ST THOMAS, USVI -- US Virgin Islands Governor John de Jongh has hailed the action taken by the US Senate Finance Committee to extend the rum cover-over rate for two years without limitations or restrictions. The bill makes the extension retroactive to January 1 of this year.
US Virgin Islands Governor John de Jongh
De Jongh said on Thursday that the action by the Committee is a direct result of his administration’s efforts on this issue.
“During our meetings in Washington, we pressed not only for reconsideration of the decision taken by the Department of the Interior that reduced the advance payment of rum cover-over revenues to $10.50 per gallon, rather than the $13.25 extender rate which had been in place up until December 31, 2013, but for Congressional action to make the higher rate permanent. Our hard work on this issue resulted in the reversal of the Department of Interior's original decision and the release of some $30 million dollars to the territory at the $13.25 rate. Following on the heels of that victory, I am pleased by the vote on the legislation in the US Senate Finance Committee which moves us closer to our goal of full Congressional approval of the extender rate at the $13.25 level. The support of Chairman Wyden and his colleagues, most especially Senators Rockefeller, Hatch and Crapo, who have been steadfast supporters of the interests of the Virgin Islands, is much appreciated,” de Jongh said.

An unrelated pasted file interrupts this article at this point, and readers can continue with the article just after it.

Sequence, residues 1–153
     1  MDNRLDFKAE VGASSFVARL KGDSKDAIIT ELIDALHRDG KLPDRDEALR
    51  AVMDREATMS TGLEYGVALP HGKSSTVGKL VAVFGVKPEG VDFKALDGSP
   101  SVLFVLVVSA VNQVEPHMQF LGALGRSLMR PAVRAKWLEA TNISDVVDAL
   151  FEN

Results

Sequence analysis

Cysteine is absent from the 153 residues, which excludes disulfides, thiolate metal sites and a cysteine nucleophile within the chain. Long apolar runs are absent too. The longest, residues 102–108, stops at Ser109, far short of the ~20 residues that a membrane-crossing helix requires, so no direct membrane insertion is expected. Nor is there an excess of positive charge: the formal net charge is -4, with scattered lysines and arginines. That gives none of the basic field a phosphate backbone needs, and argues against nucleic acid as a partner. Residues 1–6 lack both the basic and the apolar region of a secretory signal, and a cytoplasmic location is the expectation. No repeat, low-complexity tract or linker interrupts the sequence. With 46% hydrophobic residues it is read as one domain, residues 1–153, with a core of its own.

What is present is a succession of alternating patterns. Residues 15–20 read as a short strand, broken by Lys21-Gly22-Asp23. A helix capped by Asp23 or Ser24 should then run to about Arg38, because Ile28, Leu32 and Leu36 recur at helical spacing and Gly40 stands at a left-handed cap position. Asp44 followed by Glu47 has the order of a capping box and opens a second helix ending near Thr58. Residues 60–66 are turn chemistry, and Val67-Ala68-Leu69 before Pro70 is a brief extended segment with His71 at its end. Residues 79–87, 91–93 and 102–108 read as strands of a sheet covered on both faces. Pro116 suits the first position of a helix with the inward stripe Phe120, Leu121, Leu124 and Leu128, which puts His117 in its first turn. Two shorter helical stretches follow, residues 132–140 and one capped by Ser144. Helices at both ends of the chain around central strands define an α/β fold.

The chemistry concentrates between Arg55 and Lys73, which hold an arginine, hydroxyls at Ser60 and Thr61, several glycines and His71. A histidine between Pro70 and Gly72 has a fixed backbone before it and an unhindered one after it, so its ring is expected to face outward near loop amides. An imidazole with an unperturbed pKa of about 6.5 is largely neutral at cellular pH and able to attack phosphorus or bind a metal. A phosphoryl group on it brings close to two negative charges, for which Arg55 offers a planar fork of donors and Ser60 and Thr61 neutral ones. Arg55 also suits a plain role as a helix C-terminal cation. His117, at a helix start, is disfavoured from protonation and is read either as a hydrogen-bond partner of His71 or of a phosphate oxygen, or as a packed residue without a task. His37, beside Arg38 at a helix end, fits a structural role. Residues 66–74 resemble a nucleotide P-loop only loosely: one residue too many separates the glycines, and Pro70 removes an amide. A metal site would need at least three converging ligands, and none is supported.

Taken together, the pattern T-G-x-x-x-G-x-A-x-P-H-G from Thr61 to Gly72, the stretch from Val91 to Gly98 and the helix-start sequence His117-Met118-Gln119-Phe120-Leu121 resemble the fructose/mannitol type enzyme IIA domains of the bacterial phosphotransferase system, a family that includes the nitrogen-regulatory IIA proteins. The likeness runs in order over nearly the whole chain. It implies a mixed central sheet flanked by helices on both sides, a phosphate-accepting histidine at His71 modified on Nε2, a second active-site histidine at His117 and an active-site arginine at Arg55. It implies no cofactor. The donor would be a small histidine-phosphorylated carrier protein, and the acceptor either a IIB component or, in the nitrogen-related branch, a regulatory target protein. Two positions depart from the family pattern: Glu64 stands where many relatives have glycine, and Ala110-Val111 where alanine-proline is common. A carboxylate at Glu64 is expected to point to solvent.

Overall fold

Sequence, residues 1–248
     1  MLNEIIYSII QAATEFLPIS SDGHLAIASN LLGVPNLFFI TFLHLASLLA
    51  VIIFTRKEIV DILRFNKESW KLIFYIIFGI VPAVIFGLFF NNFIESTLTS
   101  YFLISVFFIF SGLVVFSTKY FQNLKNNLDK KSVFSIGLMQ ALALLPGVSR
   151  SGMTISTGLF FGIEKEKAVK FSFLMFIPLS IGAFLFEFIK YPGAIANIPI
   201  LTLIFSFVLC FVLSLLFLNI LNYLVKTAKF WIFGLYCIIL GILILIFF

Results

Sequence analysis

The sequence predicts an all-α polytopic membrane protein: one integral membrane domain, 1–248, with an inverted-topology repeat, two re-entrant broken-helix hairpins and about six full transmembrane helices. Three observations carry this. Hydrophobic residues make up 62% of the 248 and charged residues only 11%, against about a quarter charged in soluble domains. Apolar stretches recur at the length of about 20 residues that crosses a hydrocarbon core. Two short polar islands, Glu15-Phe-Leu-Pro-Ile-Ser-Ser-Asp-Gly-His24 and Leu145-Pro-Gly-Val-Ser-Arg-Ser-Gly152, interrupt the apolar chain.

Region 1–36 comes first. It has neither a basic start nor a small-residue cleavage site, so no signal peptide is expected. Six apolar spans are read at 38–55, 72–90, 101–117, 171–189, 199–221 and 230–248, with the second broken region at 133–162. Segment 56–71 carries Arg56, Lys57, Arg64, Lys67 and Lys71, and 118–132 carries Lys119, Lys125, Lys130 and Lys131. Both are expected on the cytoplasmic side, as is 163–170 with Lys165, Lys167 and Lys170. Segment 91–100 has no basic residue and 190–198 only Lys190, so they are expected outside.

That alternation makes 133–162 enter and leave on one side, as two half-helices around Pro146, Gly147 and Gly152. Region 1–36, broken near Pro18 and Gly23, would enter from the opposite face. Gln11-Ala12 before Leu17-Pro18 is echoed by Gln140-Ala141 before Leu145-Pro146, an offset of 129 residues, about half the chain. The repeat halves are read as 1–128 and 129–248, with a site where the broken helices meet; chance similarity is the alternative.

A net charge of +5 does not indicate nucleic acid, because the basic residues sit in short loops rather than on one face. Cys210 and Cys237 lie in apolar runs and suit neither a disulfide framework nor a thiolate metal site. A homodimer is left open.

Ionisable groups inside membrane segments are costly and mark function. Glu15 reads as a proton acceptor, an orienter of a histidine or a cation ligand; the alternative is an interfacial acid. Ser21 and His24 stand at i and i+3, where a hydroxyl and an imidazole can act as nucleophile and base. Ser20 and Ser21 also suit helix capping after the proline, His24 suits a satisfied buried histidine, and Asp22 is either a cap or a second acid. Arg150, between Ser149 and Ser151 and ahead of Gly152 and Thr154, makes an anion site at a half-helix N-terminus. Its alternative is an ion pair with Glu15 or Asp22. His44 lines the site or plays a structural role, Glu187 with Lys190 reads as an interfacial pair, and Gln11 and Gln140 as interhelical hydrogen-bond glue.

The governor pledged the continuing efforts of all in his administration to make all members of the US House and Senate aware of the importance of the rum cover-over revenues to the government of the US Virgin Islands, and the need for the extenders to be approved permanently at the higher rate.
Locally, all should be reminded that the 2014 fiscal year budget was passed by the Legislature based on the assumption that the rum cover-over would be at the higher $13.25 rate. The $30 million received in February after the governor’s meetings in Washington moved the territory $30 million closer to meeting the budgeted revenue assumption, but there remains an expected budget shortfall to $40.5 million which still must be addressed.
On Thursday, de Jongh reiterated that he and his financial team “will continue to meet with the members of the 30th Legislature to determine what must be done to deal with the shortfall.”
“Although I am pleased by the action taken by the US Senate Finance Committee, we cannot forget that our financial challenges have not disappeared. Only increasing revenues or enacting austerity measures, or a combination of both, will see us through the remainder of this fiscal year,” he said.